Release announcement: Restate 0.7 is here 🎉

Posted January 16, 2024 by Till Rohrmann and Ahmed Farghal and Giselle van Dongen and Pavel Tcholakov ‐ 5 min read

A new version of Restate has been released with some really cool new features. Go and get Restate while it is still fresh.

We would be super delighted if you tried it out and gave us feedback via Discord to make Restate better!

Introducing the Restate CLI

We love using the command-line at Restate and in this release we are excited to share the first public version of the restate CLI that makes managing services, invocations, and deployments significantly easier. Have a look at the CLI docs for information on how to install and configure it.

The CLI gives you an intuitive way of interacting with Restate. For example, it lets you register new deployments:

restate deployments register <SERVICE_DEPLOYMENT_URL>

Registering service deployments with the CLI.

It also gives you insight in the registered services, deployments, methods, and ongoing invocations. For example, to get a summary for a specific service, you can do:

restate svc status <SERVICE>

On top of that, you can use the CLI to inspect and debug ongoing invocations. For example, there are some invocations which are not making progress and you want to debug what’s going on:

restate invocations list --oldest-first --status pending,backing-off,suspended

Or you notice that an invocation for a specific key has stalled, so you want to list the invocations that are blocking that key:

restate invocations list --key <KEY> --service <SERVICE>

You can even use -w to continuously watch invocation updates every second. You can inspect a single ongoing invocation for a detailed view of its status:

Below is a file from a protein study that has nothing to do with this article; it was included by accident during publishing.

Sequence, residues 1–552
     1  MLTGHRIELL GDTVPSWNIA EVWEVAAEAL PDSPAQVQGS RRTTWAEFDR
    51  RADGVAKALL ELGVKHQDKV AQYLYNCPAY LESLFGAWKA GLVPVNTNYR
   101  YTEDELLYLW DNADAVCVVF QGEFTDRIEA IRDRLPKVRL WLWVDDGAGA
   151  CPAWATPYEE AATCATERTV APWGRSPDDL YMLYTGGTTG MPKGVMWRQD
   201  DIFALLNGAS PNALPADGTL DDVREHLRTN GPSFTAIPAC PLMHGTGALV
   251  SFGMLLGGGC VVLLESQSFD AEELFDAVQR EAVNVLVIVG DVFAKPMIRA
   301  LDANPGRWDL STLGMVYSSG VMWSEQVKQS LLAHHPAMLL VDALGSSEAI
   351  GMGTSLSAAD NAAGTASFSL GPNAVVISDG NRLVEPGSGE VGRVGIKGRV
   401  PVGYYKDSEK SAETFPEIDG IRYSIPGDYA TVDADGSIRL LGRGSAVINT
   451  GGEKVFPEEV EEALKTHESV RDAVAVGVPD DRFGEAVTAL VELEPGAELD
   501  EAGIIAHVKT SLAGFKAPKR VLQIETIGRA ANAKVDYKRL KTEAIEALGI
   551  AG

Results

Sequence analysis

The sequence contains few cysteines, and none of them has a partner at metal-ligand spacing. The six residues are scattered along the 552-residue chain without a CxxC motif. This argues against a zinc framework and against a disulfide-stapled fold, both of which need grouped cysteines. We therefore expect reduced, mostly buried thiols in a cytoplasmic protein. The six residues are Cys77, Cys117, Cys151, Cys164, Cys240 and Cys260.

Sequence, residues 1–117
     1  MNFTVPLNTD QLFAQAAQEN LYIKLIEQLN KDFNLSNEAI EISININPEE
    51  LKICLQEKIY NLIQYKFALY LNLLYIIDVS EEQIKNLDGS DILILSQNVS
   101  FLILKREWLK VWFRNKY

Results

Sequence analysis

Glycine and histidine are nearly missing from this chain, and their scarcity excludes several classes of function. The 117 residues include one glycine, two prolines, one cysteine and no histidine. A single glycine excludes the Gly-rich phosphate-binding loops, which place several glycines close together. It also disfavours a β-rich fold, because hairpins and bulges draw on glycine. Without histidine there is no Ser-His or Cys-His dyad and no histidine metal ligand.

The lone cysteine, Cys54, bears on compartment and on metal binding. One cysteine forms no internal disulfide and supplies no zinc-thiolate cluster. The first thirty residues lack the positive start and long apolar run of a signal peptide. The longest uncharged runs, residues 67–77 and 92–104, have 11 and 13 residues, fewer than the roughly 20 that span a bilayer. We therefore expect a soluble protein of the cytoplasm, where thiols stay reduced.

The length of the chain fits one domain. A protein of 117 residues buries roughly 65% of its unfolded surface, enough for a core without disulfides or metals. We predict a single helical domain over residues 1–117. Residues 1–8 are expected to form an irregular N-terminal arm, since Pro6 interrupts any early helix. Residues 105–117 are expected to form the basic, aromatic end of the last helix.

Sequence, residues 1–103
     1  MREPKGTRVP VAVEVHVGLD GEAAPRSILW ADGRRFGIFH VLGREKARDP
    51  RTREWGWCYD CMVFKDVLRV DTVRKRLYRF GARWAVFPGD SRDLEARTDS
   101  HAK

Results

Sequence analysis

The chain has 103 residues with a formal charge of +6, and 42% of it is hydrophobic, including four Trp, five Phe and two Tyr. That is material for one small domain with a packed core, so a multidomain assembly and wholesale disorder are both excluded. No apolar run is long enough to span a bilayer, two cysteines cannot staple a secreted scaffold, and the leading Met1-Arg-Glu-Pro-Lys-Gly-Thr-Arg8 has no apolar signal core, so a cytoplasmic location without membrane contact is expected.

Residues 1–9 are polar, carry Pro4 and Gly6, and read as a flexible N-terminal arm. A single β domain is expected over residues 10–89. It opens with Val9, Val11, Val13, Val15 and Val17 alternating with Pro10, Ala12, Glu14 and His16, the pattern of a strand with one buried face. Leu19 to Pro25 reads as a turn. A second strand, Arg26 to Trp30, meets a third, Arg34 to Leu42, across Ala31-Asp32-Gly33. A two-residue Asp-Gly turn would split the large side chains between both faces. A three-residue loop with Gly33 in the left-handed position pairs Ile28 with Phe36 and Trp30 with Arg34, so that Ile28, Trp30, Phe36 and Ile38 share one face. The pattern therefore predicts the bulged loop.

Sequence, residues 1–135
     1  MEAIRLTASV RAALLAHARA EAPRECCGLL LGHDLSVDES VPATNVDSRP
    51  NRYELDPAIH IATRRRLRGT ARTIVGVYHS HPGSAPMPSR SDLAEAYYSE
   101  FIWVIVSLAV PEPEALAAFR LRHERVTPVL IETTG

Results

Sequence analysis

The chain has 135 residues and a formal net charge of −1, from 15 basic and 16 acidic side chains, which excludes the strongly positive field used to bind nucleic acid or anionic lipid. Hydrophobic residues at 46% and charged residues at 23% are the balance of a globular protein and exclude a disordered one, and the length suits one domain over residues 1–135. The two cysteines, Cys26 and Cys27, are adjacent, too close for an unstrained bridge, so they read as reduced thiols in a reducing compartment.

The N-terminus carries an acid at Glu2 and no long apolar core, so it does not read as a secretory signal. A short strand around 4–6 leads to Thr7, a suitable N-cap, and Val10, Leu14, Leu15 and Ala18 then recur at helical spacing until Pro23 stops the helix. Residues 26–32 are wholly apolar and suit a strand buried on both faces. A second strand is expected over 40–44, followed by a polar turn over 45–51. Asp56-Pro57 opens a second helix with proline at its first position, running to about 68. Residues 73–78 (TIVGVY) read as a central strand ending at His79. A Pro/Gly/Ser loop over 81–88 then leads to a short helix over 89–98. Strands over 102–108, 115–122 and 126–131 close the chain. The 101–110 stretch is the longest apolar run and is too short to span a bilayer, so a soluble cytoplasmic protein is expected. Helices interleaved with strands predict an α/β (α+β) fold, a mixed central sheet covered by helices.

restate inv describe <INVOCATION_ID>

Inspecting ongoing invocations shows their status and progress.

Have you noticed that we used inv as a short form of invocations? Yeah, we also thought that you’ll like that too.

These commands are just a small glimpse of what you can do with the CLI. For more useful commands, have a look at the CLI docs and the introspection docs. And more importantly, try it out yourself!

Bootstrapping Restate projects with one click

Each SDK now has a template project to help you bootstrap a fully working Restate project. You can use the CLI to get started with a single command. For example, to bootstrap a Lambda project using the TypeScript SDK, run the following command:

restate examples typescript-hello-world-lambda

We also added more examples for the Java and Kotlin SDK which you can explore and download via the CLI as well.

New ways to install Restate

Starting with this release we are offering a few more ways to install Restate’s CLI and server. This is enabled by the new native builds for MacOS and Linux. You can find all the binaries on our new download page.

Install via Homebrew

# Installing CLI
brew install restatedev/tap/restate
# Installing server
brew install restatedev/tap/restate-server

Run via npx

# Run CLI
npx @restatedev/restate
# Run server
npx @restatedev/restate-server

Official Docker image

The official Restate docker image can now be found on DockerHub.

docker pull

Cancel your invocations if they are no longer needed